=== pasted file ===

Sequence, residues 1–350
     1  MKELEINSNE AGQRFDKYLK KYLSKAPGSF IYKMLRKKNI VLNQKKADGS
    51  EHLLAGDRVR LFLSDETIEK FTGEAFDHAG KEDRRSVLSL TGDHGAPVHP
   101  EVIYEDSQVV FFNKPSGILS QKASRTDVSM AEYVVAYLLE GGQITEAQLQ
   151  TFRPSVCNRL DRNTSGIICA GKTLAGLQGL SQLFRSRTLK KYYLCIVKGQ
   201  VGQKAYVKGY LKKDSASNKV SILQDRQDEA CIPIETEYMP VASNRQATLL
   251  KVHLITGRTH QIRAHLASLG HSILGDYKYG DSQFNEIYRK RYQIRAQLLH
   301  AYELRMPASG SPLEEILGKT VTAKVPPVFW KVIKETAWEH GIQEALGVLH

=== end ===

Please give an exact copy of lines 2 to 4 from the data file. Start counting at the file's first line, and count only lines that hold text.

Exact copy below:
     1  MKELEINSNE AGQRFDKYLK KYLSKAPGSF IYKMLRKKNI VLNQKKADGS
    51  EHLLAGDRVR LFLSDETIEK FTGEAFDHAG KEDRRSVLSL TGDHGAPVHP
   101  EVIYEDSQVV FFNKPSGILS QKASRTDVSM AEYVVAYLLE GGQITEAQLQ